“What you can’t cure, you can medicate”: Brandy Clark, Country, and the Anti-Psychiatry Movement

(Note: All underlined words/sentences are links which can, and indeed should, be clicked on.)

Shortly after it was released in October last year my friend Anna introduced me to Brandy Clark’s debut album, 12 Stories. Up to that point I had been at most a dabbler in country music- with a fairly healthy collection of Johnny Cash and not much else- but it was 12 Stories which got me hooked. To be specific it was track Number 8 which actually got me hooked; ‘Take a little Pill’.

“Mama got depressed, when daddy was a -dying, so the doctor gave her something, to help her with the crying” she begins in a voice like powdered milk, and then you’re in, wound into her story of miserable, broken people addicted to psychiatric medication because they can’t fix their miserable, broken lives. When I listened to it first, by the time she got to “What you can’t cure, you can medicate” I was half in love with her, and wholly convinced that there is yet to be a better statement of the aims of the anti-psychiatry movement. Not because she talks about being addicted to medication, which other musicians frequently do and have been doing since at least the 1960s  but because what she’s implicitly criticizing is the pathologization and medication of valid human experiences such as grief and loss. Because sometimes the appropriate response to an unbearable situation just is that special brand of human suffering which lamentably gets carved up and and labelled by psychiatrists as depression or catatonia or schizophrenia and the like. Because people who respond in this way are not “infirm” or “sick”, but gloriously human.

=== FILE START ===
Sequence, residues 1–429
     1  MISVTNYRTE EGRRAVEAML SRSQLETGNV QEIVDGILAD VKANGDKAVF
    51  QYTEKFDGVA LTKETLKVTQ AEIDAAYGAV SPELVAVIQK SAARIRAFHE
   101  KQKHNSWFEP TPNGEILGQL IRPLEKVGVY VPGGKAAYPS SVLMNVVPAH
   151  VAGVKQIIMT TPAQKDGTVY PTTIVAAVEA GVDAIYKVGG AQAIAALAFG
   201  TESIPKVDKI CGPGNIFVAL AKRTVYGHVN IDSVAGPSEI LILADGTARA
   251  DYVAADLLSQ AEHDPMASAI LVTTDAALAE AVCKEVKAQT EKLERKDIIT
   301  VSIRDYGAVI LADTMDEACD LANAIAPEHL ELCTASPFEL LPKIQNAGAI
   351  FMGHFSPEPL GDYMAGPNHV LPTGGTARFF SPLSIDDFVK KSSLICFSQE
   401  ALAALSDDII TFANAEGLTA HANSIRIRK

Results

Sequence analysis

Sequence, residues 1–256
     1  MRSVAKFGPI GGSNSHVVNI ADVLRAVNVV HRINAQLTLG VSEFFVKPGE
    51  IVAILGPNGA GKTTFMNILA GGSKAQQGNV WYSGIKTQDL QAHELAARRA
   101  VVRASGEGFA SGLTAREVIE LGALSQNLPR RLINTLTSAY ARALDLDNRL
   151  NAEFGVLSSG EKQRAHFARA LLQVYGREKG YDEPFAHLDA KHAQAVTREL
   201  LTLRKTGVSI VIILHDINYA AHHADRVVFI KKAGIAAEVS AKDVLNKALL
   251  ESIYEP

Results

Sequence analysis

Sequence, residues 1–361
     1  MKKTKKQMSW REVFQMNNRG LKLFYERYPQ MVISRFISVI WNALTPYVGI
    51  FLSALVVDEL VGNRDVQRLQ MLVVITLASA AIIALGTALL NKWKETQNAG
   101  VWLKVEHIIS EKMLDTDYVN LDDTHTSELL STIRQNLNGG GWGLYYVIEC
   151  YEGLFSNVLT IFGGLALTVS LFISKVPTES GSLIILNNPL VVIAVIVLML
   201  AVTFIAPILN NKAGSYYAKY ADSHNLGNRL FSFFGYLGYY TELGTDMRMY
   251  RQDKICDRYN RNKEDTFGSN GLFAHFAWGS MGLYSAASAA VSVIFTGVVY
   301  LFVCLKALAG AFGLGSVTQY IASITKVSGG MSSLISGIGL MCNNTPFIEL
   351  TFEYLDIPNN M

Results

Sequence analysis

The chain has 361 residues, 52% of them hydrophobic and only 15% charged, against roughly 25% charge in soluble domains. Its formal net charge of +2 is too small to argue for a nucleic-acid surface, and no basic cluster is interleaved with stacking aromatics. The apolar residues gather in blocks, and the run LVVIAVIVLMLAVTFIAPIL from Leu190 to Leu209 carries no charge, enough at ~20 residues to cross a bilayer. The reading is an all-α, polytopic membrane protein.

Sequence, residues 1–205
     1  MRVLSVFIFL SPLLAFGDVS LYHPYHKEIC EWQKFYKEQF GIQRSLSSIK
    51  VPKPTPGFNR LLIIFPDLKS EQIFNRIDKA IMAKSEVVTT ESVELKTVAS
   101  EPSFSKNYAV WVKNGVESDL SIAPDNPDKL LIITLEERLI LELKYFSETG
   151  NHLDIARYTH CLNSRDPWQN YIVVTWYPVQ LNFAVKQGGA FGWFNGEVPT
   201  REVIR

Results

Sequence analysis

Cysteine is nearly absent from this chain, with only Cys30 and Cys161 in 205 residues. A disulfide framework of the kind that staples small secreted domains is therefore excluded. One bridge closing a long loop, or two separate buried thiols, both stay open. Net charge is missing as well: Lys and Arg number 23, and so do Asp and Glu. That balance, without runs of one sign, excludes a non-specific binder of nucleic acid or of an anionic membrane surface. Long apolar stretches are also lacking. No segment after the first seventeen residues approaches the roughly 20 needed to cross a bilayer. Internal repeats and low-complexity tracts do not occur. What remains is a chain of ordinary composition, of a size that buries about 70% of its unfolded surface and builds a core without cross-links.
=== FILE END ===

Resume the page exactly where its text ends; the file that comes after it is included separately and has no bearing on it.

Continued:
But this is not the only song on the record which has “anti-psychiatry” themes. “Crazy Women” tells the story of a justifiably furious woman, so sick of being cheated on that she drops a lit cigarette in the gas-tank of her boyfriend’s car.  Said boyfriend attempts to save face by telling his friends that “she was depressed, borderline bipolar, a bitch with PMS,” but the narrator makes it clear that she does not endorse his use of psychiatric labels to undermine and explain away his girlfriend’s anger, and demolishes him in the second half of the verse (“He cheats and lies, then plays the victim”.) “Crazy women” the chorus finishes “Are made by crazy men.” Even if you do accept ‘crazy’ as a legitimate label, the “craziness” here is not just something which the man in question simply had the bad luck to stumble upon (“he don’t know why they always seem to pick him”) but something he partially created by placing her in a situation she  found intolerable. To compare for size: “Crazy women are made by crazy men (and the rest of their crazy families)” is essentially the central thesis of R D Laing’s seminal book “Sanity, Madness and the Family.”  Or as he later put it when at his most trite: “Insanity – a perfectly rational adjustment to an insane world.”